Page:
Naveed and Samiya Parvez delivered this message in the most heartbreaking talk of the day. Their son Diamo was diagnosed with severe developmental delay and required orthotic support throughout his life. Orthoses are life-changing body braces, but at that time the pressures facing the NHS meant that their son had outgrown each orthosis by the time it arrived. Sadly, Diamo passed away and in his memory they started a company with a single mission: Deliver 3D-printed, medically effective orthosis within 2 weeks of a person’s need globally. The service, Andiamo, is keeping its promise and making a huge difference to patients’ lives.

4. Don’t be scared to innovate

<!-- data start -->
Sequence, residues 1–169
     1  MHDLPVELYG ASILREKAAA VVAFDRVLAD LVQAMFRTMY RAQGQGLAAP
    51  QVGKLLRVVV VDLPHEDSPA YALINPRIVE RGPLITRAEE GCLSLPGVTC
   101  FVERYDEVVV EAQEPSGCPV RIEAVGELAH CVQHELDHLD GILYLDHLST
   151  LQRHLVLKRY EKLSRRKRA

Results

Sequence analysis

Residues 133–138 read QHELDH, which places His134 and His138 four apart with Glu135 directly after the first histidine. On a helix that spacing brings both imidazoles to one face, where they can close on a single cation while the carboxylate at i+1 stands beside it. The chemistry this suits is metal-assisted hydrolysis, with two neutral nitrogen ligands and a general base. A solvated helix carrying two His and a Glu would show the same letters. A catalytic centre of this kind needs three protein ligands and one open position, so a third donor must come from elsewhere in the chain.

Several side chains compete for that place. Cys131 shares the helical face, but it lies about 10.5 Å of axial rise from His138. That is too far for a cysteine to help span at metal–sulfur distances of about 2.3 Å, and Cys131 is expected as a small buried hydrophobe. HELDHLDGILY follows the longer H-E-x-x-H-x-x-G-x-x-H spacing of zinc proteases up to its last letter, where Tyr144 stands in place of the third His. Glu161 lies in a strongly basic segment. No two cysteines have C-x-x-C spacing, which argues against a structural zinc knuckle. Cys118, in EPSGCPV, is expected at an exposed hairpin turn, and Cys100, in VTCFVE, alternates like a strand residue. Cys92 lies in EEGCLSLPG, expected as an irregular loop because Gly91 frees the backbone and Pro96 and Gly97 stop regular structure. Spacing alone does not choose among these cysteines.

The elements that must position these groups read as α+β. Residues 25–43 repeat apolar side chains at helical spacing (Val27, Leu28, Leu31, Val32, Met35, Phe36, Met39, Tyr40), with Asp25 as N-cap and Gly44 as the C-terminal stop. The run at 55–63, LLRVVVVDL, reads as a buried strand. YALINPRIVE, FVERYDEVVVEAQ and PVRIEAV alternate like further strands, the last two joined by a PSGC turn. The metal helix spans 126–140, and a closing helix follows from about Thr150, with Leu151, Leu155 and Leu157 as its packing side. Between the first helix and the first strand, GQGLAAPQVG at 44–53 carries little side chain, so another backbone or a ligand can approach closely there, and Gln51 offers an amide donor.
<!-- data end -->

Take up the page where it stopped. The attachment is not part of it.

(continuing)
The NHS has been widely criticised for being resistant to change and innovation. These talks demonstrate how efforts to try something new can change patient’s lives. As a Consultant Clinical Scientist and Chartered Engineer, Dr. Charlotte Kemp is no stranger to scientific research. Working with her colleague Dr. Fiona Wood, she set out to assess the performance of available devices for neonatal face mask ventilation training. It became clear to them that the market solutions could be drastically improved; four years and several prototypes later, they created the first prototype of the SMART newborn training system, eventually involving a commercial partner. The idea of sharing in-house intellectual property with commercial companies is a point of contention in some NHS trusts. However, Charlotte believes “We can give away ideas in a way that respects their value. Innovation is not the job or responsibility of someone else. Ask yourself, can I afford not to help?”